Here’s yet another example of overreaching and copyright, this time by a private company but with government information.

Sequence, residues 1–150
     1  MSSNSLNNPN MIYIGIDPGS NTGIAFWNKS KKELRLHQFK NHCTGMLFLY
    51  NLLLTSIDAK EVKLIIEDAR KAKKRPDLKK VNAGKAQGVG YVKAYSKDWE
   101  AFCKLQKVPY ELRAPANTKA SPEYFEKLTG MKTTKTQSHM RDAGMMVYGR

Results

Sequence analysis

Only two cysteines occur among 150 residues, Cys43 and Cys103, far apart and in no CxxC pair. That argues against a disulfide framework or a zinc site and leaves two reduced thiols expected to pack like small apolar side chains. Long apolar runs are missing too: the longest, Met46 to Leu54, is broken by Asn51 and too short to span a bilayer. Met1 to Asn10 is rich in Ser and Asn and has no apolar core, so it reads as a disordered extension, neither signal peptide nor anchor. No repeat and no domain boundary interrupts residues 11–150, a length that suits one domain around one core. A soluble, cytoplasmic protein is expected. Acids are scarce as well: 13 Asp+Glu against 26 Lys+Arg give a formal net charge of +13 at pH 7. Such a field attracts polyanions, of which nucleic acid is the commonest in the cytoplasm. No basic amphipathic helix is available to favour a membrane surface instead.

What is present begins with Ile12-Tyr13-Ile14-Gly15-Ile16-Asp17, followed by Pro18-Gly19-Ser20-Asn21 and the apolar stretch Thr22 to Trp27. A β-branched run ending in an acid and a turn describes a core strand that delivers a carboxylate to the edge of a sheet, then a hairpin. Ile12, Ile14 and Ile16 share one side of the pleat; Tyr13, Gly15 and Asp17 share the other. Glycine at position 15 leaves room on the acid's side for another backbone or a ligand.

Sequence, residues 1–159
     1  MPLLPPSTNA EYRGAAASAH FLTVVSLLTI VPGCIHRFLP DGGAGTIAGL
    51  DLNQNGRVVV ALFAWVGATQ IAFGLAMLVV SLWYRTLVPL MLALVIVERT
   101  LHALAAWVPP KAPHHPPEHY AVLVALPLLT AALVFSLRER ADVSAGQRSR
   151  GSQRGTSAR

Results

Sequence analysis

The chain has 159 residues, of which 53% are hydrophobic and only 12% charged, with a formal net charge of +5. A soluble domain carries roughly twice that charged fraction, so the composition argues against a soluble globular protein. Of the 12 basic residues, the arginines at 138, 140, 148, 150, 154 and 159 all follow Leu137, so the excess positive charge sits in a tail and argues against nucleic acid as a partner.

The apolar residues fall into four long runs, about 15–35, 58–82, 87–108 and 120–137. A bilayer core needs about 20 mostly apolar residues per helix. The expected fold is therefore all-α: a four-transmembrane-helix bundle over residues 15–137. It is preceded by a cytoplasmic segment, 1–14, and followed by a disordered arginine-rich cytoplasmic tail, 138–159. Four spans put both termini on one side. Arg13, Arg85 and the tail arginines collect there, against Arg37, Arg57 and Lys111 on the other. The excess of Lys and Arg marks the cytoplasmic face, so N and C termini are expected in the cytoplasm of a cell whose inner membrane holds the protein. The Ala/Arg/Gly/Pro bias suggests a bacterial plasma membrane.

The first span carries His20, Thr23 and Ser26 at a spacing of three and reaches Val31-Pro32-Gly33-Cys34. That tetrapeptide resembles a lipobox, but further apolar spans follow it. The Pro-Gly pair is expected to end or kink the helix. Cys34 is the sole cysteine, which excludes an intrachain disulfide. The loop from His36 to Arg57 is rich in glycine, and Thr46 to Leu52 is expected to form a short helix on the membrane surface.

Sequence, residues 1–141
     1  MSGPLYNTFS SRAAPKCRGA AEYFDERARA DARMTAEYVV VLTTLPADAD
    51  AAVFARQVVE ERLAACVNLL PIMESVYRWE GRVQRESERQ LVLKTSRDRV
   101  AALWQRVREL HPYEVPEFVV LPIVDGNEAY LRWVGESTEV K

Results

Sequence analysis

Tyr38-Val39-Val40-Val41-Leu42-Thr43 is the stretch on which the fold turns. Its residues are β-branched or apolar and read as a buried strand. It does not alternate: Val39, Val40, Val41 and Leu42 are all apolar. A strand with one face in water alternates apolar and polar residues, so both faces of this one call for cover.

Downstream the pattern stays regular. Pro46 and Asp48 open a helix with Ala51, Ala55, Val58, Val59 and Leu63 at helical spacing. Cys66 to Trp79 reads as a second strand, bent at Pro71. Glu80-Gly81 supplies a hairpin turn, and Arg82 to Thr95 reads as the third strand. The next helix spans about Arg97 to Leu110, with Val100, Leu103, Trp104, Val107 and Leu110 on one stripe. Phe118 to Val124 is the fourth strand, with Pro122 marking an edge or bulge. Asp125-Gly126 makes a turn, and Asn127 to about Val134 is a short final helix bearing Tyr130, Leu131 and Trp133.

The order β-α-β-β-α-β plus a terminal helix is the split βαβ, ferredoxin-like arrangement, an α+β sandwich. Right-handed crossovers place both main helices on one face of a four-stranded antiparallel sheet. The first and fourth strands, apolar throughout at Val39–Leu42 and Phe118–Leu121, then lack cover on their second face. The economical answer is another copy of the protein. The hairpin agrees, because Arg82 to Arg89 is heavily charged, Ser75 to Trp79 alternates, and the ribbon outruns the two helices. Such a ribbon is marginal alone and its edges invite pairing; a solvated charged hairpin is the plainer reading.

In Canada, the federal public service manages much of its contracting through a website called MERX. A software developer wants to analyze government contracting but is being told by MERX that they have exclusive agreements with the feds and most provinces, and the information cannot appear in any other service.The copyright notices at the bottom of MERX pages for Federal contracts (e.g.) say that the posting is under Crown Copyright and that MERX is a licensee. I’ve checked a few provinces, and they all say “?? MERX – All rights reserved” (e.g.). This is public information under Crown Copyright. When we’re talking about legislative information, or Ministry reports, there may be valid concerns about the accurate duplication of official material, but none of those concerns apply here. And yet, copyright is being used to restrict distribution of this material and, in the process, to essentially create a monopoly for government contracting, MERX, a service owned by private company Mediagrif Interactive Technologies Inc. That’s not a monopoly on the information about the contracts and Requests for Proposals, however. Information itself is not subject to copyright; only its creative form is. The classic example of this is that photocopying a recipe from a cookbook is copyright infringement, but you can freely rephrase the instructions to make any recipe in any cookbook. Copyright law (in Canada, at least) simply does not apply to the information itself. Applying that line of thought to MERX, the information about contracts in MERX may be able to be copied freely, being careful to avoid or paraphrase the information in the “description” parts of the postings.